What are Climacteric and Non-Climacteric fresh produce?

As a society, we find that the more education and knowledge we have around a particular subject, the more empowered we are to bring about change if the change is what is needed. It is known that the global food crisis is upon us, with world hunger a huge issue in developing countries.

 

Yet, on the opposing side of food scarcity, food waste is a large problem as well, particularly in first-world countries. With the average person in the U.S. throwing away at least a pound of food a day, most of it due to spoilage, it is important to be conscientious and aim to save and use as much as we can.

 

Though so much produce spoils within the supply chain and in the fridges or countertops of consumers, it is not all created and meant to be treated equally. Each different type of produce has its ideal temperature requirement and range that suits it best for maintaining quality for as long as possible.

 

Temperatures that sit at a higher range cause produce to mature quicker, but too low of a temperature can cause them to freeze. “Chilling injury” also occurs when the product isn’t completely frozen, but damaged enough for the skin to begin to brown, or leaves to wilt.

We’ve shared a chart below that shows the storage and temperature conditions required for fruits and vegetables. The majority of refrigerators worldwide sit at temperatures from 0-4° C, which suits the majority of fruits and vegetables that require cool storage, but there are many vegetables that store for longer at temperatures above 10° C.

 

If we know and understand how to store our produce in their preferred temperatures, we can then begin to store and buy with mindfulness, reducing our food waste individually. This will create a compounding impact over time as we educate ourselves and others around us.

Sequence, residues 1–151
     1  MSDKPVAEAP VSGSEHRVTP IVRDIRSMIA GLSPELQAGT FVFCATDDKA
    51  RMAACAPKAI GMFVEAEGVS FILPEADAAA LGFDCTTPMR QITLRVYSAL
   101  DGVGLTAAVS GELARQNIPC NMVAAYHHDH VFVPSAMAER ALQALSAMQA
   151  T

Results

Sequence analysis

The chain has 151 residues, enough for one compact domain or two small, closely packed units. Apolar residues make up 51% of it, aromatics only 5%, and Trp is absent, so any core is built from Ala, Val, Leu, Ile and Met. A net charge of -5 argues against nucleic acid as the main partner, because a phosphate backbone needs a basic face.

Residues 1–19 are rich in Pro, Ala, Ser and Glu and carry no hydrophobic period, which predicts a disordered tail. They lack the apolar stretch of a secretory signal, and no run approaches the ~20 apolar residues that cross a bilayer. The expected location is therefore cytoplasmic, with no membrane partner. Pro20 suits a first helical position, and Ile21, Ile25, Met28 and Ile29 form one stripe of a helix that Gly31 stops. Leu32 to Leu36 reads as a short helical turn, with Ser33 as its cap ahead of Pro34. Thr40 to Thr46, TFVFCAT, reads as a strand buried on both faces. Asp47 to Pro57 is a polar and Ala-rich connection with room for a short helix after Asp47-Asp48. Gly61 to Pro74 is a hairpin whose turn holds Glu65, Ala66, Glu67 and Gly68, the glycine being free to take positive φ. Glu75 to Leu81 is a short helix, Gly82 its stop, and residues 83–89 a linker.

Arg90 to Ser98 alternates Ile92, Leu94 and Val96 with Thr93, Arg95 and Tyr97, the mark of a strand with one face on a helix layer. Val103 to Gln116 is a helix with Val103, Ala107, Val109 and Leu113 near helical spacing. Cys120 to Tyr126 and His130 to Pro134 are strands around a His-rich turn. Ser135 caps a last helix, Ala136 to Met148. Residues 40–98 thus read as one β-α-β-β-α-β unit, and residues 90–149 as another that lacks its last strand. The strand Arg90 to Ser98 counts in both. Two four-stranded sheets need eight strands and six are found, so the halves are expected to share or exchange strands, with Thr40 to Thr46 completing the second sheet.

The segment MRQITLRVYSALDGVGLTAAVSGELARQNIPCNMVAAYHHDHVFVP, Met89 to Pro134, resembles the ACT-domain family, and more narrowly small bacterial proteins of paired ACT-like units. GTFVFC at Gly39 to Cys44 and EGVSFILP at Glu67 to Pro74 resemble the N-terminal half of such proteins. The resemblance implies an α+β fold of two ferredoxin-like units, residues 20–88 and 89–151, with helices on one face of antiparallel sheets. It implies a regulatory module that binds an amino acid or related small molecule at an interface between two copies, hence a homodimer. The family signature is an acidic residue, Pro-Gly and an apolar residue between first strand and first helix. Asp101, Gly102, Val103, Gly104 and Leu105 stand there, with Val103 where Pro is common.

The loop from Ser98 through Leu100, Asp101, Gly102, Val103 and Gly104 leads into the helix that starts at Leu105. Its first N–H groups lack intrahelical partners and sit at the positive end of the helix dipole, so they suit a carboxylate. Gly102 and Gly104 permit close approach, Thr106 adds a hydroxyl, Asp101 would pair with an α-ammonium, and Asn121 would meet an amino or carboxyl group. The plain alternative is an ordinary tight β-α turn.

Produce is generally broken down into two categories, based on how they mature, release ethylene, and ripen. The two categories are climacteric, and non-climacteric.

Climacteric

Let’s begin with climacteric produce. Examples of those fruits classified as climacteric include bananas, tomatoes, pears, mangoes, peaches, apples, and avocados. Climacteric products as a whole emit a greater amount of ethylene as the fruit ripens, and after ripening peaks, their ethylene production drops off by a significant amount. Because of this, climacteric fruits tend to ripen quickly and will develop flavour and aroma.

Supply chains can use data and artificial ripening and pick climacteric fruits and vegetables early, while they are still green. They will then inject ethylene gas into the storage units to get them to their desired ripening phase, before selling to the consumer.

Non-Climacteric 

Non-climacteric produce is quite the opposite and simply does not ripen after the product has been harvested. They react differently to ethylene and carbon dioxide levels when they come into contact with them. Examples of non-climacteric produce include citrus fruits such as grapefruit and lemon, berries such as raspberry, strawberry, and cherry, grapes, pineapple, melon (including watermelon), and pomegranate. They only ripen while being attached to the plant or vine, and once harvested, they stop the ripening process.

How to store Climacteric vs Non-Climacteric

I’m sure you’ve heard some variation of the phrase “a bad apple affects the whole bunch” before, and there’s a good reason for that as the metaphor is quite literal in the fresh produce industry. Having the knowledge of how your produce ripens, and what produce to store together is imperative for maintaining the product for as long as possible, and reducing food waste.

High ethylene-producing produce should not be stored with ethylene-sensitive produce. An example of this is if spinach, kale, or broccoli is stored in the same refrigerator bin as apples, those vegetables will turn yellow and begin to rot in just a couple of days.

You also don’t store potatoes and onions together because the potatoes emit ethylene which will cause the onions to sprout prematurely. Fruit that is damaged, bruised or punctured, will produce more ethylene, causing the others to ripen, soften and spoil faster. A consumer should always use the damaged fruit first and not store them with unblemished products.

 

There are a few non-climacteric fruits and vegetables that react negatively to ethylene. To maintain the freshness of your produce for as long as possible, refer to the chart below and ensure that these vegetables stay away from each other.

Conclusion

Fresh produce falls into two categories, climacteric, and non-climacteric. This defining factor is the ethylene levels they produce post-harvest. As consumers, we should be aware of how to store and use them to ensure we can reduce food waste individually and society as a whole. If you would like more content like this, feel free to check out our blog here.

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